Solidarités International project providing clean water in Nigeria
A Solidarités International project providing clean water in Nigeria. EU/ECHO/Isabel Coello - Attribution-NonCommercial-NoDerivs 2.0 Generic (CC BY-NC-ND 2.0)

Development in the face of Covid-19: Views from Nigeria

Over 22,000 cases of coronavirus infections have been confirmed in Africa.

There have been over 1,124 deaths and about 5,500 people have recovered from the disease. Only two African countries – Comoros and Lesotho – appear to have been spared so far and have no confirmed cases.

Since the first cases were confirmed in Egypt and Nigeria, African countries have shifted from trying to prevent the virus getting into their countries, to containing and mitigating the impact of the pandemic to protect fragile healthcare systems from being overwhelmed.

Just as in other parts of the world, the pandemic – and some of the measures adopted to combat it – has drastically infringed on all parts of our lives and all sectors of human endeavour. This includes the international development sector, whose experts in the health sub-sector are at the forefront of this fight.

I interviewed a range of development experts in Nigeria to get their insights on how the Covid-19 crisis could change development.

Ramifications on development delivery in Nigeria

The development sector is being profoundly constrained by the Covid-19 pandemic. The direct impacts of the disease include the crash in investment markets, closure of schools and public places, shutdowns of international flights and tourism, and lockdowns of cities and countries. These impacts are setting in motion a series of changes that are expected to reshape development in Africa as a whole, and in Nigeria in particular.

Nigerian development experts generally fear that there will be “a decline in development funding coming from traditional ODA (official development assistance) countries from the global north”, as these countries redirect their resources to provide stimulus for rebuilding battered economies and safety nets to support local populations.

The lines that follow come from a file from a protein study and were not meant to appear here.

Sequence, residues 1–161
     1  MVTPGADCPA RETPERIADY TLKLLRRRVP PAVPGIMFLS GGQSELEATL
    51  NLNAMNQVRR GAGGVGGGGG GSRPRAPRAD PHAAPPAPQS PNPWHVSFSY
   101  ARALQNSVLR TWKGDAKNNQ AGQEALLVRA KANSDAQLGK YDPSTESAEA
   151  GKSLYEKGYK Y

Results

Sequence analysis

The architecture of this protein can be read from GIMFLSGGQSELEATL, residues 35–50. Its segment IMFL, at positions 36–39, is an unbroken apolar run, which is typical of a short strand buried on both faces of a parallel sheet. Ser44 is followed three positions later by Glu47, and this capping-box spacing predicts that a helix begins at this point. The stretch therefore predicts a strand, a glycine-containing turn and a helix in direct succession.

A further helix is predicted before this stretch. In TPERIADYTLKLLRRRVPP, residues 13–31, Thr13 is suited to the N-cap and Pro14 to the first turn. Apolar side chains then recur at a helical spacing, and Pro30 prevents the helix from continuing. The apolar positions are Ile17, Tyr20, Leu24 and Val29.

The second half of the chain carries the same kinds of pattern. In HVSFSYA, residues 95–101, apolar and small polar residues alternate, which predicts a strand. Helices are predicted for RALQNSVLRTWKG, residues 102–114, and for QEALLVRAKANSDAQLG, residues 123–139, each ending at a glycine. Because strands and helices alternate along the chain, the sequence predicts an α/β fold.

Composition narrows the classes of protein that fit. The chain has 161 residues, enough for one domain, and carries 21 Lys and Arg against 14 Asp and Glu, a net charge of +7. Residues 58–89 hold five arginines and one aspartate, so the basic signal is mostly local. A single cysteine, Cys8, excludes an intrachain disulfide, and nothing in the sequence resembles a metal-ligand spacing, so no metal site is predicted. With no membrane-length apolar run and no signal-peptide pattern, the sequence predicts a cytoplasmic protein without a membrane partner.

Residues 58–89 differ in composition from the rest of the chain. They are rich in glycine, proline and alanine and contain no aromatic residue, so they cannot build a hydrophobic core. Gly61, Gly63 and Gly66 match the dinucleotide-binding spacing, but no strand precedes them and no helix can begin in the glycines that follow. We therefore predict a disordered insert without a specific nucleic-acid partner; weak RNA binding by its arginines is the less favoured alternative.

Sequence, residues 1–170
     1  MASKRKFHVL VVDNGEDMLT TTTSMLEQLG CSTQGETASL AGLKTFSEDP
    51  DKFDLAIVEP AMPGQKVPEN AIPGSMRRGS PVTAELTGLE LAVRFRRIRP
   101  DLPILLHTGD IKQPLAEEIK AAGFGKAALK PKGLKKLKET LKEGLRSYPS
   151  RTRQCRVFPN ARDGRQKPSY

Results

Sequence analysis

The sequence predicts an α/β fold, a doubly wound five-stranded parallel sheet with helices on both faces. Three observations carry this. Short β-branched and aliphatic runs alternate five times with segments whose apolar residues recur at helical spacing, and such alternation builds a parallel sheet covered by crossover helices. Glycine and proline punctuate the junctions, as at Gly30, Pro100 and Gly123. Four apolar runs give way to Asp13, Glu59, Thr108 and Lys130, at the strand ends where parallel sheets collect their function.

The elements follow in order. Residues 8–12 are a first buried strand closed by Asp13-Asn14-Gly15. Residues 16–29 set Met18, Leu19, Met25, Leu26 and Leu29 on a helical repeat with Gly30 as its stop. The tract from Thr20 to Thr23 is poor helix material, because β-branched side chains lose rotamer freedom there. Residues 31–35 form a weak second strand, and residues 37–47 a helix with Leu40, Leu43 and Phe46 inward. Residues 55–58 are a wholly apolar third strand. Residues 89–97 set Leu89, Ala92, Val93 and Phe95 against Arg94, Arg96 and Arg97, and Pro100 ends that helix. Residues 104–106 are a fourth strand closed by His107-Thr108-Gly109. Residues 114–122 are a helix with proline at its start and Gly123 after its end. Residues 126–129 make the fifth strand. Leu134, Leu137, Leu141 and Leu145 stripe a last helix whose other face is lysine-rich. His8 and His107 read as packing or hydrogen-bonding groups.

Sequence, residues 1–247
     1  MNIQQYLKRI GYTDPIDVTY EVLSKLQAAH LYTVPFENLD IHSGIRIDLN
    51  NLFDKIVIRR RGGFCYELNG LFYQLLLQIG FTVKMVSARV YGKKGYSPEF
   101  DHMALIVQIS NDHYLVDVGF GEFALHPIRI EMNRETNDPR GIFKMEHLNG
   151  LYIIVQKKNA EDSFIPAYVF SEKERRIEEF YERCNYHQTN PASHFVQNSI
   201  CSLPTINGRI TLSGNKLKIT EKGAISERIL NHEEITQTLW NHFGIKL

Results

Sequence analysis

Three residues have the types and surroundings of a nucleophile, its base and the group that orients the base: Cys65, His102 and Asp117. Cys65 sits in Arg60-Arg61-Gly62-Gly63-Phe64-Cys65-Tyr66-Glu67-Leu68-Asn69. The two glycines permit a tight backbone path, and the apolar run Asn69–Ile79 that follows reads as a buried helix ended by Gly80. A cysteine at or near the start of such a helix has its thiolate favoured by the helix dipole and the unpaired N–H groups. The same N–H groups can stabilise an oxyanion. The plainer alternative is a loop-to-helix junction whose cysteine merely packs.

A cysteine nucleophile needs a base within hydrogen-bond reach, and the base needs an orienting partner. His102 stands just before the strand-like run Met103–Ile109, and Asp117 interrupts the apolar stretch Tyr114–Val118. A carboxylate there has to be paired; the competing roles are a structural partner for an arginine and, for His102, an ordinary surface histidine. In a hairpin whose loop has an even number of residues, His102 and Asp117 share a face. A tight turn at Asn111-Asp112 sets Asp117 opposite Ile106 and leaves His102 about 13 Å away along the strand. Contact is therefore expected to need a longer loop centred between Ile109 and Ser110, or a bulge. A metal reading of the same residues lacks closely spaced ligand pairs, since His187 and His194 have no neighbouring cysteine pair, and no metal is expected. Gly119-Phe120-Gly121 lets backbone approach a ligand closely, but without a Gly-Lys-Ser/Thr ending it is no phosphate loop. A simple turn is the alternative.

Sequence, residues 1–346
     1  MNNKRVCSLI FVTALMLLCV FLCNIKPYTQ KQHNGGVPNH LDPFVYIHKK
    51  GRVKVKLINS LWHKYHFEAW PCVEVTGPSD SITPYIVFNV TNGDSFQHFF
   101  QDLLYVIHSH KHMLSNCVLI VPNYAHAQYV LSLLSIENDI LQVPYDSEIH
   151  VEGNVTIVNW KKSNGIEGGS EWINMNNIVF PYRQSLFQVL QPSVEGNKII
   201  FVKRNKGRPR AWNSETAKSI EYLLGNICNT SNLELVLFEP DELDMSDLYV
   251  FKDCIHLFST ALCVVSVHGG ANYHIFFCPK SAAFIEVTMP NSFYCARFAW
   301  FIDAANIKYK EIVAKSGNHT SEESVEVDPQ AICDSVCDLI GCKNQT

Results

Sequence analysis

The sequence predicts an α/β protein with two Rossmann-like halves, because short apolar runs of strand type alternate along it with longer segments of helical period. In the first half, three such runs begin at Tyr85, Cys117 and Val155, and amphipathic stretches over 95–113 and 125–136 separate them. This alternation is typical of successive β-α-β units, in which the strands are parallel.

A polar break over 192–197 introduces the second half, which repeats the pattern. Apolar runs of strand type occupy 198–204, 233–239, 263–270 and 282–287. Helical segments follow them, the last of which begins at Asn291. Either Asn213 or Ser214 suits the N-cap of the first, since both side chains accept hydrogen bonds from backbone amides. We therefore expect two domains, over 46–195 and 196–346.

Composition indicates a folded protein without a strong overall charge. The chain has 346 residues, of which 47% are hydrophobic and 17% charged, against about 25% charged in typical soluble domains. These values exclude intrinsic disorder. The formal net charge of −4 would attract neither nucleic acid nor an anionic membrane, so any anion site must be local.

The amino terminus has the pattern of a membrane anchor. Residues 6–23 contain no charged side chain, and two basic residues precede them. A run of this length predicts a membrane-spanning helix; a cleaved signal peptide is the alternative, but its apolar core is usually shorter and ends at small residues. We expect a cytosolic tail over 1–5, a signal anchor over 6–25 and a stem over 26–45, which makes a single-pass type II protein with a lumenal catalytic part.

One of the experts interviewed believes that “as a result of so much money being lost in the investment markets, less resources will go to development projects that depended on philanthropic organisations” and foundations founded or supported by major corporations.

“Future grants for various development projects will shrink as the economic downturn kicks in fully,” said Oluwabusayo Sotunde, managing editor at RuralReporters and fellow with the Transparency and Accountability Initiative, a US-based donor collaborative platform. She also believes that “there will be delays in development funding” as countries struggle to meet up with the ODA commitments they made before the Covid-19 outbreak.

Interestingly, some experts interviewed, like Nonso Jideofor who is co-founder of Agency, an NGO working in Africa and Latin America, felt that the changes may present the opportunity for developing countries “to wean off the developed world, albeit unpreparedly, and chart their own course in a make or break move” as development aid reduces drastically from developed countries. Nonso also thinks that perhaps “Covid-19 is naturally adjusting international development to where it needs to go… with less global north development support in global south, and more learning and exchange across the board – possibly from a distance.”